Galician-Portuguese (in its own language: galegoportuguês, galaico-português) is a Romance language spoken mainly in Galicia, Portugal, Brazil and various countries of Africa and Asia, with two main standardized varieties: Galician (galego) in Galicia and Portuguese (português) in the other countries. The language was born in the High Middle Ages in Galicia and northern Portugal before it was spread in the rest of Portugal by the Reconquista. It enjoyed a unitary development during the Middle Ages. An apparent split between Galician and Portuguese, in the way of they were socially recognized, occurred in the 15th century because Galicia became strictly controled by the Kingdom of Spain, while Portugal was a dynamic, independent nation. So Galician became a minority language subjugated by Spanish while Portuguese went on thriving freely. Nonetheless, Galician and Portuguese have kept a strong linguistic unity.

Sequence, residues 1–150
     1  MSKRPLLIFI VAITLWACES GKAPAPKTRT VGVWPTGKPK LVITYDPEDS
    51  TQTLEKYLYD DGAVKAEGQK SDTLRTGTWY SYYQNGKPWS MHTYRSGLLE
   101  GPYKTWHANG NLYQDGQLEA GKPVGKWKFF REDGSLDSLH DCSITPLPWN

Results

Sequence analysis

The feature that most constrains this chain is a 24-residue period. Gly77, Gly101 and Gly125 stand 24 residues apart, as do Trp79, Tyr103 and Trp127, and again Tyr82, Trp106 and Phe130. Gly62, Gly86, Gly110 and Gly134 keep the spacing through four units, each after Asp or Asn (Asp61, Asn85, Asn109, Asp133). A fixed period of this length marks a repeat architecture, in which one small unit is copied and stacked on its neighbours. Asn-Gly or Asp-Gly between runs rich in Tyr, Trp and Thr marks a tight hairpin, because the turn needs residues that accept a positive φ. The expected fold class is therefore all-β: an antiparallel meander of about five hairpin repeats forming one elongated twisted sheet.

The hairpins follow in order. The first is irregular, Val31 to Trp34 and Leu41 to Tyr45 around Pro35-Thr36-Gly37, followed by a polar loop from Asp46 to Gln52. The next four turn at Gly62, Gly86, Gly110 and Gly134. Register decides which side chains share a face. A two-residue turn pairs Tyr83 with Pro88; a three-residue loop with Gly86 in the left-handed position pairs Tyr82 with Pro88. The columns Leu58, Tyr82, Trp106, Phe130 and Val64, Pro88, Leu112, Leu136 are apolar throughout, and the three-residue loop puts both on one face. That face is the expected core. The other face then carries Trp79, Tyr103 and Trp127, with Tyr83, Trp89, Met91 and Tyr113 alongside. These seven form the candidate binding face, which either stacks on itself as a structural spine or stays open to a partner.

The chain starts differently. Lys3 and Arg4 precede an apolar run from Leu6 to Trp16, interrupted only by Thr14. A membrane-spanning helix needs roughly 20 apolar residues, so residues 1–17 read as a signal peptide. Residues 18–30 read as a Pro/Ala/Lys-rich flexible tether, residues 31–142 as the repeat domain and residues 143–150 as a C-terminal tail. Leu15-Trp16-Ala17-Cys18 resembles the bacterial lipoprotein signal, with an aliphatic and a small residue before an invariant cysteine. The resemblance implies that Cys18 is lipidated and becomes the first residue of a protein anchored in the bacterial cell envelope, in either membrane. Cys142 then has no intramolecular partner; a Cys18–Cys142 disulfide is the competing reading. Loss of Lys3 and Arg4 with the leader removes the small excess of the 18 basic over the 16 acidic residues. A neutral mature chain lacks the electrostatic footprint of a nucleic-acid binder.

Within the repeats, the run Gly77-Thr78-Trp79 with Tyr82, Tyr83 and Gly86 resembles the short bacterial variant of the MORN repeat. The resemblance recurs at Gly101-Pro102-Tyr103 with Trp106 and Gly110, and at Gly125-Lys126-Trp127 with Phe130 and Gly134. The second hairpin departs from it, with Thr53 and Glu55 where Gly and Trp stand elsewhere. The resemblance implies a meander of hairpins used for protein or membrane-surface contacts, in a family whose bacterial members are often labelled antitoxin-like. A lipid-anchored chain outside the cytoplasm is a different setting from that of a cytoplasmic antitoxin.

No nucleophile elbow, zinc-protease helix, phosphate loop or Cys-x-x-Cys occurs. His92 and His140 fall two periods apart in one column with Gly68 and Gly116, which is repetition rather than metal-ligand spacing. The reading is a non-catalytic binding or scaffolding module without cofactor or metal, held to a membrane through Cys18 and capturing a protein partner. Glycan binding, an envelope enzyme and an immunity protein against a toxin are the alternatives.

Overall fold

Since the 20th century, the question wether Galician should be codified or not in accordance with Portuguese has lead to two rival norms:
- The administrative, official norm, supported by the local government of Galicia, is very similar to that of Spanish. It is regulated by the Instituto da Lingua Galega (ILG) and the Real Academia Galega (RAG).
- The "reintegrationist" norm stresses the historical features of Galician and therefore is very similar to that of Portuguese. It is regulated by the Associaçom Galega da Língua (AGAL).